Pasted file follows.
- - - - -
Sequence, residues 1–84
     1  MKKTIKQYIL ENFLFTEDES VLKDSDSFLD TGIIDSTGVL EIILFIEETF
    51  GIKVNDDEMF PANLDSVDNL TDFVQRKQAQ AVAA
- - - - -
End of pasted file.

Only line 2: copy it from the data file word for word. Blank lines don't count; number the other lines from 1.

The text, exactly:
     1  MKKTIKQYIL ENFLFTEDES VLKDSDSFLD TGIIDSTGVL EIILFIEETF